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Excerpt From THE SELF SUFFICIENT ACTOR

Auditions There are a million ways to break down a script. The most important thing to remember is that there is no correct way to play a scene. I once auditioned an actor who literally made the opposite choice for the character than I was looking for, and it was incredibly interesting. Did I kick her out of the room? No, I gave her direction and saw where she went with it. Your most important task when auditioning is to make the most interesting choice you can while sticking to the world of the scene. This is harder than it sounds. It is so easy to think of acting as good or bad but really, it’s only what is appropriate for the project you are working on. Much like adjusting your acting for wide takes or closeups, you must adjust to the genre and mood of the project. For example: If you gave the same style of performance for a kid’s show as you do for a crime procedural you will seem out of place. You want to be memorable, but also fit into the vibe of the show, particularly with procedurals. (CSI, SVU, ER, any show made of initials). Some brief questions to get started: Is the show a comedy? a drama? a sitcom? a kid’s show? In that genre, what is the size of the performance? (slapstick vs cerebral) (subtle vs melodrama) Are you the star, a main character, or a small role?

All of these questions matter, and it bears some explanation. Actors have a tendency to try to show that they are good actors over trying to be the character. This is a particularly noticeable problem with smaller roles. Instead of focusing on the details that flesh out a two line character and make them a real person, they try scene stealing hysterics to show their range and maybe try for a bigger part. But they only end up sabotaging the audition that they have already got. For example, if you have an audition like this:


JENKINS

(YOU)

The car has arrived sir.

Will there be anything else?


CEDRIC

(STAR OF MOVIE)

No. No thank you, Jenkins.

Enjoy your evening.

Cedric stands up, the weight of the world on his shoulders, and heads toward the door.As he passes the waiting Jenkins, he stops and proffers his hand. Jenkins looks down, unsure. Cedric smiles, pats him on the shoulder instead, and walks out of the door.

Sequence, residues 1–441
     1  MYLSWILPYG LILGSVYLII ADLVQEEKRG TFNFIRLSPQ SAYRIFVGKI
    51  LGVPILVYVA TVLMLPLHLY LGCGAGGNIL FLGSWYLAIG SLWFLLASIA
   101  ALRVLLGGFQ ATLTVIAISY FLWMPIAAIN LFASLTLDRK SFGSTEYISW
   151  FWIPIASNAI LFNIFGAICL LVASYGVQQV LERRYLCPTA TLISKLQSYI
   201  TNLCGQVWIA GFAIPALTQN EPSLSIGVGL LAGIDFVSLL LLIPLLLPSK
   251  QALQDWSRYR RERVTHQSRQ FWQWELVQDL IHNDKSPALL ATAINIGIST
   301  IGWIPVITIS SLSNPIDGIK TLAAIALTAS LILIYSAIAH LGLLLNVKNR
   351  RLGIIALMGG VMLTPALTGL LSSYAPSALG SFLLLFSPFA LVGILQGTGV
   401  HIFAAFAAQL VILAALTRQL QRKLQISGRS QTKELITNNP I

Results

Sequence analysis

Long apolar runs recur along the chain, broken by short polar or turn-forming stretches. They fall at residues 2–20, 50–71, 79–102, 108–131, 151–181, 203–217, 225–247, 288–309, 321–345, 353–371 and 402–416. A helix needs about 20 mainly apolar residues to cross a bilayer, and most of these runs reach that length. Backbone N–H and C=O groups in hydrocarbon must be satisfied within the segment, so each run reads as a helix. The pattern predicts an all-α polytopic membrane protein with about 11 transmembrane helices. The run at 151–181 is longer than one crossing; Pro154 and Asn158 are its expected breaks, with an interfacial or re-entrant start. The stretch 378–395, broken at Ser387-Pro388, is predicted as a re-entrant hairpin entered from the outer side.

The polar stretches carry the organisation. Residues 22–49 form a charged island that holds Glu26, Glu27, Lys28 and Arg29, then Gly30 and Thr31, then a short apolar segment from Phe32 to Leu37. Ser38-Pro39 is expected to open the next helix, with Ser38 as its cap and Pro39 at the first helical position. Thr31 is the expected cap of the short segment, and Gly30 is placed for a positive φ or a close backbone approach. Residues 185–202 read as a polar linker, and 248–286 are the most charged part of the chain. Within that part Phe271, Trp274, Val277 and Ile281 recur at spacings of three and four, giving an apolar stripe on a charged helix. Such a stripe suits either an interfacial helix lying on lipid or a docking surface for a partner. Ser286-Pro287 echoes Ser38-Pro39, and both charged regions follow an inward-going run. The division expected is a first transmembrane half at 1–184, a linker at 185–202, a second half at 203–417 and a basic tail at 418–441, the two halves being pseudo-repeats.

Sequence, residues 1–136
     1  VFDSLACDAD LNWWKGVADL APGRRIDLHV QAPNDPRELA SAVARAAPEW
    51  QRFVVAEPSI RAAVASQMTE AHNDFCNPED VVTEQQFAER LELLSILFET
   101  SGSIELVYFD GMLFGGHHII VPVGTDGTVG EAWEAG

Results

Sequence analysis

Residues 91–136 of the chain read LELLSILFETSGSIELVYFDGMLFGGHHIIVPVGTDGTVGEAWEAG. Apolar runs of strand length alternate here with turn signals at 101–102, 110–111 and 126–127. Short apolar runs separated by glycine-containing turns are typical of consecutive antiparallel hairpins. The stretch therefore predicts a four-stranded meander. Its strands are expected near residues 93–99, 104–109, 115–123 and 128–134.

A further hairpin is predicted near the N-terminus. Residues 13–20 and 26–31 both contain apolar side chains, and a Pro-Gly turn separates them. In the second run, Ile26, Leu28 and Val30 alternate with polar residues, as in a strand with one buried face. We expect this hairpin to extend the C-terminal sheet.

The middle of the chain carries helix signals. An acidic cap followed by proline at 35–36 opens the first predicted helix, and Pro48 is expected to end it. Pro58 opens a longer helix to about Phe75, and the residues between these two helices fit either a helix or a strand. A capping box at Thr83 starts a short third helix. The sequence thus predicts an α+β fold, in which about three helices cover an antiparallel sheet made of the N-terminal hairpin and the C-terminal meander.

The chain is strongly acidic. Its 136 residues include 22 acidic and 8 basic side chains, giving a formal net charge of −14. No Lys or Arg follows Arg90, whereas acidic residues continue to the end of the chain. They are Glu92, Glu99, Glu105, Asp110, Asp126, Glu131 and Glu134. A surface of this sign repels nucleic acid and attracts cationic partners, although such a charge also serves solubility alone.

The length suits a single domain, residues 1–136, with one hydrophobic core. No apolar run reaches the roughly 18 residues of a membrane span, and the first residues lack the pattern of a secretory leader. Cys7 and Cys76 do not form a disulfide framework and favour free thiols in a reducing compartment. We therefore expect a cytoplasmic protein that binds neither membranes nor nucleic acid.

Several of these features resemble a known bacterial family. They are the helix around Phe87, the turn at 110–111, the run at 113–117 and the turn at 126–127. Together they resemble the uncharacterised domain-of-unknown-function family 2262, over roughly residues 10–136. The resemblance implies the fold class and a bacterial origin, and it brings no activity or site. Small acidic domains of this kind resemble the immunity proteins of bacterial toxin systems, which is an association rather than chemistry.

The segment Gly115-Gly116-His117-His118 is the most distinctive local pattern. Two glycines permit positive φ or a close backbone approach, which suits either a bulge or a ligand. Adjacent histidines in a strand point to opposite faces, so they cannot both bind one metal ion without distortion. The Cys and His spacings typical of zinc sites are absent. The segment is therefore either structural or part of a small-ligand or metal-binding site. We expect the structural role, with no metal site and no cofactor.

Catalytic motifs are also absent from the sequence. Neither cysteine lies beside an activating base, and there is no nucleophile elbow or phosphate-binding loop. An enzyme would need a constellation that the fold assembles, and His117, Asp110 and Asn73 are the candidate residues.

FADE OUT:


Your job as Jenkins is NOT to start sobbing when Cedric leaves, nor to collapse on the ground. Do not do anything which takes away from the focus of the scene. Your job is to give Cedric someone to play to. The same is true for backstory. In this case it would be appropriate to make the choice that your character knows what is going on, or that he is scared for his job;but I would not make him the mastermind of Cedric's downfall unless the script or role description tells you that he is. In the scene above Jenkins is most likely a small role, he is definitely a servant, and as such would not break protocol unless the script directly mentions it. In my opinion Jenkins CAN: Be nervous, know what’s going on, take a weighted pause between the two sentences, like Cedric, dislike Cedric, be tired, have a headache, want a cigarette etc. He SHOULDN’T: Break down in tears, suddenly hug Cedric, slam the door. I would also avoid too much focus on backstory that does not serve the scene. He needs to get home to his wife who has a cold? Great! He’s screwing Cedric’s wife? He is secretly a Genius? He’s working for the mob? He’s a werewolf? Avoid any of these assumptions unless they are in the script or the character breakdown. Generally, you can do whatever you like with your character’s physical state (tired, hangnail, etc.) but most external actions will be decided by his place in society. Your character absolutely can and should have secrets, but they should add to what is already in the script, not rewrite it. If the script says that your character is eloping with someone, you can absolutely decide that your character is already pregnant. But a creating a secret backstory that is unrelated to anything written in the script is at best masturbatory, and at worst, will take you out of the moment during your scenes. If you do not get a full script or breakdown take your best guess as to what is going on and who you are in the context of the story. And then make the most intersting choices you can within that framework. I do have to admit that occasionally a risky choice that is not fed by the script (like a stutter, a limp, a good dialect) will pay off. But make sure that choice is not the entirety of the character. Now if you are auditioning for a show that is currently running, you should check it out in terms of the following: Genre. Mood. How characters talk in the world (generally TV has much faster dialogue than film unless it’s daytime drama). How people in the world dress. In addition, you should generally know who the leads are; but don’t become a fan. You are a coworker. Your character may have higher status than the lead of the show. If this is true, it is imperative that your performance shows this. (It should go without saying that you shouldn’t try to show your character’s status when the cameras aren’t rolling, don’t be a dick) Also, your character may not know all of the other character’s secrets (even if the audience does). You have to act in blissful ignorance. For example, Bruce Wayne is a billionaire playboy unrelated to Batman, Dexter is just some police techie, you have no idea that the DA is sleeping with a mob boss. Treat them as your character knows them.


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